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Exploring Fire Doors and UK Fire Door Regulations

Article topics:

  1. The Importance of Fire Safety Measures

  2. What is a Fire Door?

  3. Why Have Regulations for Fire Doors?
  4. Building Types

  5. Fire Door Regulations Overview

  6. Checking Fire Door Compliance


A major concern for architects, property managers, residents and a building’s occupants generally is fire safety.

Public buildings, and residential buildings with public spaces, must meet strict fire safety regulations in the UK to ensure people have the time and clear escape routes to evacuate when the fire alarm sounds. A crucial element in a building’s fire defences is the simple yet effective fire door.

Fire doors - fire door keep shut sign - fire door regulations - fire resistance - fire protection

In this article we'll take a closer look at internal fire doors, exploring what makes a fire door, where and how fire doors are used, and the regulations surrounding them. Let's begin with fire safety and why it's so important in commercial or public buildings, and residential buildings’ public spaces.

The Importance of Fire Safety Measures

Fire safety in commercial and public spaces is a seriously important issue. When it comes to fire safety, there are a number of critical factors, some obvious and some perhaps not so obvious, that can impact the well-being of occupants, property and the broader community. A building's effective fire resistance and safety compliance will:

Protect Lives

Foremost, fire safety in a commercial building and public spaces is there to safeguard human lives. In the event of a fire, rapid building evacuation and effective emergency responses are vital for minimising injuries and preventing loss of life.

Prevent Spread of Fire

Commercial and residential buildings are often large,  complex spaces, with multiple floors, corridors, staircases and many rooms. Fire safety provisions, including fire-resistant construction and compartmentalisation, help prevent the rapid spread of smoke, gases and fire throughout a building or space and neighbouring structures, reducing the overall impact of a fire emergency.

Install fire doors - double fire doors  with exit sign

Preserve Property

Buildings often house expensive assets, equipment and infrastructure, as well as personal property. Fire safety is designed to limit the extent of fire damage, to prevent losses for businesses, in public buildings and in private dwellings.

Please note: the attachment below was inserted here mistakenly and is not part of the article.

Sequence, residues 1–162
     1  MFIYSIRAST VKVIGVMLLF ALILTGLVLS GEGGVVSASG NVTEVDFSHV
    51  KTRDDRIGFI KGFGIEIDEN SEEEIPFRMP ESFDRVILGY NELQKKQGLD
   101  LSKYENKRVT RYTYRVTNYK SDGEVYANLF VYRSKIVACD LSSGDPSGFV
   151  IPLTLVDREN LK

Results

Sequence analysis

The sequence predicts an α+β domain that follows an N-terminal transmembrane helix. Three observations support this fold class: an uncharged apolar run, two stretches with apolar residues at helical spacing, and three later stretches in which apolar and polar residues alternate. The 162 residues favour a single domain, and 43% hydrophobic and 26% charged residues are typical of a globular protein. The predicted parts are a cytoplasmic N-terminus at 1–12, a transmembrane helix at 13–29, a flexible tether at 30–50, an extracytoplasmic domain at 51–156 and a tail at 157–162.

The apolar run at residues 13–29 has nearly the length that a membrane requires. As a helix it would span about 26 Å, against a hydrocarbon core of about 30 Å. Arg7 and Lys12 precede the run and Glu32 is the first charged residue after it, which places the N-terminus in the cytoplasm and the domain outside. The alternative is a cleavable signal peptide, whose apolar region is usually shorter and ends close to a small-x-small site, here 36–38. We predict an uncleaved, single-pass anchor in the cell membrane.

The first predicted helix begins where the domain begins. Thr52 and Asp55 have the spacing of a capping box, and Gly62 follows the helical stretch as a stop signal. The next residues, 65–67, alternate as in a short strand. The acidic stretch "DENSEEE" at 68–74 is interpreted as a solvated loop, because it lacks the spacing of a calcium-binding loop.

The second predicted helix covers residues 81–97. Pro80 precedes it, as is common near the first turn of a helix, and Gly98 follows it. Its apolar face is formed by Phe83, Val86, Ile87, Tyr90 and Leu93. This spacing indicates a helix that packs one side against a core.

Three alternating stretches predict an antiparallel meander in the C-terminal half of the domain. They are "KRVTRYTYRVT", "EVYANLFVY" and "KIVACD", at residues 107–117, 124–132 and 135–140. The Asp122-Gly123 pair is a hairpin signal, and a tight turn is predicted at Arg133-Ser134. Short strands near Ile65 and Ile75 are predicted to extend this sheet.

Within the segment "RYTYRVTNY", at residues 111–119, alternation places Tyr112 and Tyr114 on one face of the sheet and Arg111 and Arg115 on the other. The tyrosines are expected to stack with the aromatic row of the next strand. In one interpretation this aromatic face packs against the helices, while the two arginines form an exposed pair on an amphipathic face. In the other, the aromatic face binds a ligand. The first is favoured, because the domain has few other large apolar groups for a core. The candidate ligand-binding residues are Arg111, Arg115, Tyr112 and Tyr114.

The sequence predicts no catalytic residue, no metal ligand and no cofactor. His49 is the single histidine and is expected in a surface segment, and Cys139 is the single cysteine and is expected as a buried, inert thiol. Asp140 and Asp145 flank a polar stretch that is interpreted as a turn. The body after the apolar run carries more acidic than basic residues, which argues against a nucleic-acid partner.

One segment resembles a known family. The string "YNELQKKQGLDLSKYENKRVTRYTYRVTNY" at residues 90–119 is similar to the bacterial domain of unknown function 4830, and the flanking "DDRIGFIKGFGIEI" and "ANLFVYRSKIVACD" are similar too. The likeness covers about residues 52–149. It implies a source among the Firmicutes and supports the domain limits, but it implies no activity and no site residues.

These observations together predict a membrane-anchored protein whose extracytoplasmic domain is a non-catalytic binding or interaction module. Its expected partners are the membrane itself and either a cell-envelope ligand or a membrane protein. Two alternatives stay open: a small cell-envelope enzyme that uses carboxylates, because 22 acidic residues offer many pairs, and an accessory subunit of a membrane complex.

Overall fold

Increase Emergency Response Effectiveness

Fire safety measures, including the installation of fire detection, suppression systems and fire doors, enable a more effective emergency response. Timely detection, notification and containment of fires are crucial to help prevent an emergency fire situation from escalating.

Help Meet Insurance Requirements

Insurance coverage for commercial, public and residential buildings requires compliance with fire safety standards. Implementation of robust fire safety provisions will positively influence insurance premiums and coverage terms.

Fire doors play an integral role in all of the above. Let’s take a closer look at the fire door.

What is a Fire Door?

A fire door is simply a single door leaf, or double doors, in a frame, that’s designed when closed to significantly delay the spread of smoke, gasses and fire between one space and another. Fire doors act as fire breaks to help protect occupants, giving them valuable time to evacuate a building.

Fire doors must be able to withstand extreme heat for up to 60 minutes and be clearly signed as leading to a building's exit.

Double fire doors - glass fire doors - stop fire and smoke - flat entrance door

Why Have Regulations for Fire Doors?

Fire doors are an integral part of building regulations on fire safety. They are there to protect life, property, the building itself and the surrounding environment.

Regulations ensure a high standard of fire protection. They provide clear rules for mandatory compliance, giving a comprehensive framework within which architects and property managers can easily work.   

UK fire safety regulations are set and controlled by government for England and Wales, with regional variations in Scotland and Northern Ireland. They apply to a variety of building types and the spaces within them.

Let’s take a look at some typical building types and situations where fire doors are required.

Building Types

Fire doors contribute significantly to safety across a variety of built environments.

Commercial Buildings

Offices, shopping malls, entertainment and leisure premises, and other commercial buildings benefit from the compartmentalisation provided by fire doors. This effectively limits the spread of fire, smoke and gases, helping to ensure the safety of occupants in an emergency.

Residential Buildings

In blocks of flats and multi-story residential complexes, fire doors help prevent the vertical spread of fire for the safety of occupants within communal areas such as corridors, staircases and lobbies.

Modern fire doors - glass fire door -

Educational Institutions

Schools and universities will have fire doors in hallways and corridors, and between larger spaces, establishing fire-resistant zones that help execute safe evacuation procedures when the fire alarm sounds.

Industrial Operations

Buildings housing machinery or flammable materials rely on fire doors to contain fires, mitigating the risk of potentially extensive damage from explosion. This not only helps to ensure the safety of employees, it also helps protect the surrounding environment – combustible chemicals in large quantities can release toxins into the air which can spread.

Healthcare Facilities

Hospitals and clinics use fire doors to create fire-resistant areas. This is important given that hospital and clinic patients are particularly vulnerable.

Also, hospitals are often large and complex buildings with ‘maze-like’ corridors on multiple floors with many different departments. Fire doors help to isolate these areas in the event of a fire emergency.

Other notable building types and situations that require fire doors are:

  • Premises used for community, voluntary and charity purposes

  • Spaces that accommodate paying guests, including B&Bs and hotels

  • Houses of multiple occupancy (HMO) and apartment building communal spaces

Fire Door Regulations Overview

To maintain optimum performance, a building’s fire safety measures must be physically checked regularly by a ‘responsible person’ to ensure they meet current regulations and remain compliant with regulatory reform, on an ongoing basis.